The question of how much an insolvent company is worth lies at the heart of the most controversial of insolvency procedures, the pre-pack administration, writes Milsted Langdon partner and licensed insolvency practitioner Roger Isaacs.
A pre-pack involves the sale of the insolvent company immediately after an administrator is appointed, under terms agreed beforehand and often to former directors or connected parties. The first creditors know of the insolvency is the notice informing them that the company has gone bust and been sold – hence the adverse publicity pre-packs attract.
Regulation, in the form of Statement of Insolvency Practice 16, requires the administrator to give full disclosure as to the rationale for the sale. But the question often asked is whether the business could have been sold for more had it been marketed differently.
While it is fairly easy to establish the worth of assets like book debts, property, plant and machinery, valuing intangibles like goodwill, including intellectual property such as websites, reputation, customer lists and the company name, is far harder. The best way to ascertain the market value of anything is to put it up for sale and see what the highest bidder bids, which is why any reputable insolvency practitioner (IP) would like nothing better than to market a business for sale as widely as possible.
The fatal flaw in this approach is that in many cases, once word gets out that a business is for sale in distressed circumstances, the value of its goodwill plummets as customers desert in droves, employees leave and competitors do all they can to hasten its demise.
Banks may freeze accounts and suppliers often insist on being paid cash on delivery or may arrive unannounced to take back goods not yet paid for. Staff cannot be paid, orders cannot be filled and whatever business might have been salvaged will be destroyed.
This demonstrates the dilemma behind every pre-pack. How can the prospective administrator ensure that marketing maximises the realisable value of the company’s goodwill and intangible assets without being so vigorous it destroys what is being sold?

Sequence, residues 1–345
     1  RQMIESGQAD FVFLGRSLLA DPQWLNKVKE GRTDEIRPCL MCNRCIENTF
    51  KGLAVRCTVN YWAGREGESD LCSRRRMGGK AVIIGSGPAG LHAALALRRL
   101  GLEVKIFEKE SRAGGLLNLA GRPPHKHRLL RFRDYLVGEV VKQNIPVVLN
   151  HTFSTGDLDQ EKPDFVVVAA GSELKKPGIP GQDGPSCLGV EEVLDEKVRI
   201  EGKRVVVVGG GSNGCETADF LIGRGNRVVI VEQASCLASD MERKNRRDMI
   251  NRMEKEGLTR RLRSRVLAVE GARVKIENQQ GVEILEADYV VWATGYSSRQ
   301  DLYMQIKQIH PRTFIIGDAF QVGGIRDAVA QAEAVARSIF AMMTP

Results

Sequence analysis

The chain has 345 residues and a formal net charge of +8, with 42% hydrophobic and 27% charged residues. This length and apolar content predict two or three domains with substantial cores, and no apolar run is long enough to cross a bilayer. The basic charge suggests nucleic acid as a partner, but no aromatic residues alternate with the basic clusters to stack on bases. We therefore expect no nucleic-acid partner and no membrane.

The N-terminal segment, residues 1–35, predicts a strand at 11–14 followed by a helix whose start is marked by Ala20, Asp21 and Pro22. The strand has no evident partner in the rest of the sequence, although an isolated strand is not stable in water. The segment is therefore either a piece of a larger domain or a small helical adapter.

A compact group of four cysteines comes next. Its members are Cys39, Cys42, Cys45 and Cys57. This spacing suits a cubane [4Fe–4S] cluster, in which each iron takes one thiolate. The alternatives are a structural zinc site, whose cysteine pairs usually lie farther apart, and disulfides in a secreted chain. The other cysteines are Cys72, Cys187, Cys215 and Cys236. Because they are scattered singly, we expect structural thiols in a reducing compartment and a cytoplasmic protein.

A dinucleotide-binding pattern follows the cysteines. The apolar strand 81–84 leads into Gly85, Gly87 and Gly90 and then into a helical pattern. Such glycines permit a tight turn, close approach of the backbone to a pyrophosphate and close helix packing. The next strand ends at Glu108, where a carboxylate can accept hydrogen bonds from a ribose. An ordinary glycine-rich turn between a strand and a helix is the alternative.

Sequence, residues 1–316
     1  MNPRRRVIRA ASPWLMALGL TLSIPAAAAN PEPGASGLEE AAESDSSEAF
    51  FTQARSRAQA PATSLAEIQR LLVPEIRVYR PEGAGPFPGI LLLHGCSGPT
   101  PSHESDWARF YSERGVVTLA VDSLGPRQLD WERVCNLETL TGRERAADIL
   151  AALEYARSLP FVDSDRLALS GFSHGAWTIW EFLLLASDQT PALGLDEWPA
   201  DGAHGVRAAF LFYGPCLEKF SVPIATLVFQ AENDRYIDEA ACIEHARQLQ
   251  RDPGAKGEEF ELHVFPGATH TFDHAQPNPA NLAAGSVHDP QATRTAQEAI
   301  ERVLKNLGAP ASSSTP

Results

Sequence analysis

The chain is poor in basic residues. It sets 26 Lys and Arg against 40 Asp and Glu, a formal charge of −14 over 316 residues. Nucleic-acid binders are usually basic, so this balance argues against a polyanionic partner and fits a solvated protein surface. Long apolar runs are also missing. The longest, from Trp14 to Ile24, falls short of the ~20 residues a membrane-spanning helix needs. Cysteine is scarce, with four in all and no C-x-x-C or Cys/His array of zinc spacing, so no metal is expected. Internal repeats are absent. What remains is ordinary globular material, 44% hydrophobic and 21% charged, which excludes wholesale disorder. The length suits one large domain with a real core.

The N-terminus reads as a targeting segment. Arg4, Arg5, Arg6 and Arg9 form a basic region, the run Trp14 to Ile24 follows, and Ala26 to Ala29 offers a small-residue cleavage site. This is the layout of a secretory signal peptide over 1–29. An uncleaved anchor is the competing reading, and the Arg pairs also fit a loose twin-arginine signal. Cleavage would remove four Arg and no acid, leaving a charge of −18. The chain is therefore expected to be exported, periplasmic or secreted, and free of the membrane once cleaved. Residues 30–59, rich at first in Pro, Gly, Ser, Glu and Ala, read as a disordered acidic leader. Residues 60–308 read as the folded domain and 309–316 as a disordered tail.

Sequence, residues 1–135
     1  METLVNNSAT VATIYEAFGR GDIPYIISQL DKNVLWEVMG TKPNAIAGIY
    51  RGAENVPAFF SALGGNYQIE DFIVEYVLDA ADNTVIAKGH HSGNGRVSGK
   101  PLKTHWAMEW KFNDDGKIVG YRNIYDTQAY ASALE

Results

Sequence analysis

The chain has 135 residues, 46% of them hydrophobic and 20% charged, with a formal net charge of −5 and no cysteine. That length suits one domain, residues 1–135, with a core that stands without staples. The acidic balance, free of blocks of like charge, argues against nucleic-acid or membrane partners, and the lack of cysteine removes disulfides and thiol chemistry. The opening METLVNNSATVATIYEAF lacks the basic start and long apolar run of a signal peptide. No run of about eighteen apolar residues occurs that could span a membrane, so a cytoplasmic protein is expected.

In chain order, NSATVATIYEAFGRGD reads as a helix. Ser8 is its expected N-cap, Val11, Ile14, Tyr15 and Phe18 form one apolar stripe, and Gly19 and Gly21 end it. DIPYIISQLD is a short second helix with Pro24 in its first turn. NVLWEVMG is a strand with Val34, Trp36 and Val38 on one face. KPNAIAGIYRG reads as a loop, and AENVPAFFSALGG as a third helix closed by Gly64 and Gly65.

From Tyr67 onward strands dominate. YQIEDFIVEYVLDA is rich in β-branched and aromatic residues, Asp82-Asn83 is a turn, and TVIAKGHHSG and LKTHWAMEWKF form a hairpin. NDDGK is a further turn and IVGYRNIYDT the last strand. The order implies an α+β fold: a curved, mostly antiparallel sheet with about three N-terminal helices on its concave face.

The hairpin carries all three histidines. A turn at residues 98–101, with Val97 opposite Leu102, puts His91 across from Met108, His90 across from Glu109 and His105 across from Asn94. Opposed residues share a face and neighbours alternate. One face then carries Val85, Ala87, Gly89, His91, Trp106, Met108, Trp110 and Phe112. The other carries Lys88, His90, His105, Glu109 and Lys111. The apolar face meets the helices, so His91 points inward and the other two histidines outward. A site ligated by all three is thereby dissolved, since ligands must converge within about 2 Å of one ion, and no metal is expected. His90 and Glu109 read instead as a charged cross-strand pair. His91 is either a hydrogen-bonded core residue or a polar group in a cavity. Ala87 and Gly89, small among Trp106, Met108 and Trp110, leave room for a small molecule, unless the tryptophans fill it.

There may also be a conflict of interest if directors are preparing a bid to buy the company via a pre-pack. As directors, they have a duty to sell the assets for as much as possible. As bidders, they would like the price they pay to be as low as possible.
These challenges underline how vital it is for directors to work with an IP with the right mix of skills to ensure the best outcome for them and for their company. Unfortunately, some advisers of insolvent businesses – not licensed insolvency practitioners – make extravagant promises to directors about the ease of throwing their companies into administration and buying them back cheaply via a pre-pack.
In our experience, directors seduced by those offers often end up regretting it as they and their new companies start receiving legal claims seeking to unravel the pre-pack agreements. Such claims can come several years down the line from liquidators appointed to succeed the administrator who undertook the original pre-pack.
Using a reputable and skilled insolvency practitioner minimises the chances of criticism of the pre-pack and of a subsequent legal challenge. With careful, considered planning, it is possible – as the Milsted Langdon team has proved time and time again – to achieve the right balance between the interests of interested parties, be they directors, shareholders, investors or creditors.
Insolvency will never be anyone’s preferred option but the key to a successful rescue is to ensure that a distressed sale doesn’t cause undue distress to those involved.